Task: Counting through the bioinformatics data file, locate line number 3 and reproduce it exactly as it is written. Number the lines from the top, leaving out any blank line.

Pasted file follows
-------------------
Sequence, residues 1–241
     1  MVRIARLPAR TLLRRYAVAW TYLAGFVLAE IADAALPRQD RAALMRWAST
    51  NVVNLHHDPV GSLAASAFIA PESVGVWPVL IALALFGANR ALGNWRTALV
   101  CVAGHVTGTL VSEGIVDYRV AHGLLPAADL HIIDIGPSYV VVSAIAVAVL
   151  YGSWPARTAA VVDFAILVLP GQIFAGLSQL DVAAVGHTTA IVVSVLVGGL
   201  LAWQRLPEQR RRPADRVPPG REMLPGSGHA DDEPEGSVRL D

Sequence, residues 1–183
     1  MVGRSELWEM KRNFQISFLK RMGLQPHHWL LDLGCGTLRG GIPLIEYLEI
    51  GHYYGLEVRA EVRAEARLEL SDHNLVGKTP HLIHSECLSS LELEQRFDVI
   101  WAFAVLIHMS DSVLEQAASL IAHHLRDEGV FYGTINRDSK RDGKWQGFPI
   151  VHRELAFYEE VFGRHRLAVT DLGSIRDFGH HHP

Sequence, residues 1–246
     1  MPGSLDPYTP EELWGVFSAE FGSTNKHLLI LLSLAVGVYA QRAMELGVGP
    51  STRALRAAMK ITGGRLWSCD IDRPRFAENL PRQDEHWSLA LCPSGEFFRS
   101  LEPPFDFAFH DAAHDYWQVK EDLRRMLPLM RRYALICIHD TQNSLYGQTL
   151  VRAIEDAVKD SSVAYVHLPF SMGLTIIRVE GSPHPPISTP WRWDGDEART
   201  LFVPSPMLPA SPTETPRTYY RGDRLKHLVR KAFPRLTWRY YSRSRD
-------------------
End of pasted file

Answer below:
    51  NVVNLHHDPV GSLAASAFIA PESVGVWPVL IALALFGANR ALGNWRTALV